Yes indeed, why would one derive policy implications from something that is nothing but a convenient untruth? And still, mainstream economists seem to be impressed by the ‘rigour’ brought to macroeconomics by New-Classical-New-Keynesian DSGE models and its rational expectations and representative agent micro foundations!
It is difficult to see why.
Take the rational expectations assumption. Rational expectations in the mainstream economists’ world imply that relevant distributions have to be time-independent. This amounts to assuming that an economy is like a closed system with known stochastic probability distributions for all different events. In reality, it is straining one’s beliefs to try to represent economies as outcomes of stochastic processes. An existing economy is a single realization tout court, and hardly conceivable as one realization out of an ensemble of economy-worlds since an economy can hardly be conceived as being completely replicated over time. It is — to say the least — very difficult to see any similarity between these modelling assumptions and the expectations of real persons. In the world of the rational expectations hypothesis, we are never disappointed in any other way than as when we lose at the roulette wheels. But real life is not an urn or a roulette wheel. And that’s also the reason why allowing for cases where agents make ‘predictable errors’ in DSGE models doesn’t take us any closer to a relevant and realist depiction of actual economic decisions and behaviours. If we really want to have anything of interest to say on real economies, financial crisis and the decisions and choices real people make we have to replace the rational expectations hypothesis with more relevant and realistic assumptions concerning economic agents and their expectations than childish roulette and urn analogies.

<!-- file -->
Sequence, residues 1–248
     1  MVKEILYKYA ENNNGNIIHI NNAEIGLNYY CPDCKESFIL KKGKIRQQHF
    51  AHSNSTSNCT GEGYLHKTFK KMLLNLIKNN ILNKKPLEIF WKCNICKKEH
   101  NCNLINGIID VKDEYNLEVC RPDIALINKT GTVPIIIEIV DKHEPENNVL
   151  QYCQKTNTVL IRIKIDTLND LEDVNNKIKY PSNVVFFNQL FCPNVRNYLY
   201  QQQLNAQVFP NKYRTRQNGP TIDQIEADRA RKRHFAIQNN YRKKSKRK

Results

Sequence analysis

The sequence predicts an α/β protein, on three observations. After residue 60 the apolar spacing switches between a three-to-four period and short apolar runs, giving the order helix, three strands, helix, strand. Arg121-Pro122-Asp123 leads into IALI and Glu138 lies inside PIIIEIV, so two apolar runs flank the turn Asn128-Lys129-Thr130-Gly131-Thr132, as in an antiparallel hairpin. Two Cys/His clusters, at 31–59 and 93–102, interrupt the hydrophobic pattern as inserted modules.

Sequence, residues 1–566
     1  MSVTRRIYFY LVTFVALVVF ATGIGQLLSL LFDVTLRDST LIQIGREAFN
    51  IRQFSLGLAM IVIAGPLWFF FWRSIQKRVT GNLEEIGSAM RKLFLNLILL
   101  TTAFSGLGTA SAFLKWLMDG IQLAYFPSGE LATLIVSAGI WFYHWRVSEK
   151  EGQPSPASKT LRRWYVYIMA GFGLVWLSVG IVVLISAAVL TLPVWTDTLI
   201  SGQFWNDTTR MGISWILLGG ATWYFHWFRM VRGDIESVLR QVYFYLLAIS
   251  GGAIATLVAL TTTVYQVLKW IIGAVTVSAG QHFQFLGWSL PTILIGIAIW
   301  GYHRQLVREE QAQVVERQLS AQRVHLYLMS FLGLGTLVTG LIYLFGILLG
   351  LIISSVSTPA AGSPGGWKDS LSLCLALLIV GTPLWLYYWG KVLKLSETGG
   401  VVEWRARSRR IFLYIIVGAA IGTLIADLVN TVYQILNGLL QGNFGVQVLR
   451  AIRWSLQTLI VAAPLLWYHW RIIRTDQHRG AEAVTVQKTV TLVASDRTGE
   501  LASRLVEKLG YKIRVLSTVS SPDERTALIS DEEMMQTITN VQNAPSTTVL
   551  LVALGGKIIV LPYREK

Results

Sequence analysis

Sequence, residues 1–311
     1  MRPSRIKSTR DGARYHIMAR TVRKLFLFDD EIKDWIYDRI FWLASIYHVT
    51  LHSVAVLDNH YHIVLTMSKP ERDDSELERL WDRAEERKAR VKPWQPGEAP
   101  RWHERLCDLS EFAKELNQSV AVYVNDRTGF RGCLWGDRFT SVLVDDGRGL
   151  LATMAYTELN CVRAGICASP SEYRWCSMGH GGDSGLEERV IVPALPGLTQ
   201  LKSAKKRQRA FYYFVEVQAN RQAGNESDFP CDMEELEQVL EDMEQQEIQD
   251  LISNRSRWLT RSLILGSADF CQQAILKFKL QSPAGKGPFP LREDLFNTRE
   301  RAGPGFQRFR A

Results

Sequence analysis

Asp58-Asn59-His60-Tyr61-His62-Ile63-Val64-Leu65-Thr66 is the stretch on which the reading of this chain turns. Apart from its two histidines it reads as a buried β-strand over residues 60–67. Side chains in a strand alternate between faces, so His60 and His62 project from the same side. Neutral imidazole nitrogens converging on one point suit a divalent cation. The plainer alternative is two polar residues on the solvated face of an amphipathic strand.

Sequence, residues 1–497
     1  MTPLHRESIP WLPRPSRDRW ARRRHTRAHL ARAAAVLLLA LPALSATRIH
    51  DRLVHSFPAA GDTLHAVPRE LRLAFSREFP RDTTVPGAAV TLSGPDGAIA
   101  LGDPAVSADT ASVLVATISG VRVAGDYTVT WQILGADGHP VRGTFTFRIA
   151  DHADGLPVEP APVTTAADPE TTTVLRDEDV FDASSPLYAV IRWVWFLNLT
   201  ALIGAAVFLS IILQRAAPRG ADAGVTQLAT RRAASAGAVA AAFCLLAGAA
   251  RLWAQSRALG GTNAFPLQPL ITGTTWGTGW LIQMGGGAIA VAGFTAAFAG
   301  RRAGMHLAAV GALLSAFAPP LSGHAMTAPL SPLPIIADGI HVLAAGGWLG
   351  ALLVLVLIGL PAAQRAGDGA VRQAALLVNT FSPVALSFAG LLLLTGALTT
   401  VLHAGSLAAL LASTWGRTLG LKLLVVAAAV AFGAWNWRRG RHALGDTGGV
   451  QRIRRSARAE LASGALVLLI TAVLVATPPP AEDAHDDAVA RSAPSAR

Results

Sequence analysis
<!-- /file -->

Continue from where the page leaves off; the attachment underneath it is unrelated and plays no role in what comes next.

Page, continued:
‘Rigorous’ and ‘precise’ DSGE models cannot be considered anything else than unsubstantiated conjectures as long as they aren’t supported by evidence from outside the theory or model. To my knowledge no in any way decisive empirical evidence has been presented.
No matter how precise and rigorous the analysis, and no matter how hard one tries to cast the argument in modern mathematical form, they do not push economic science forwards one single millimetre if they do not stand the acid test of relevance to the target. No matter how clear, precise, rigorous or certain the inferences delivered inside these models are, they do not say anything about real-world economies.
Proving things ‘rigorously’ in DSGE models is at most a starting point for doing an interesting and relevant economic analysis. Forgetting to supply export warrants to the real world makes the analysis an empty exercise in formalism without real scientific value.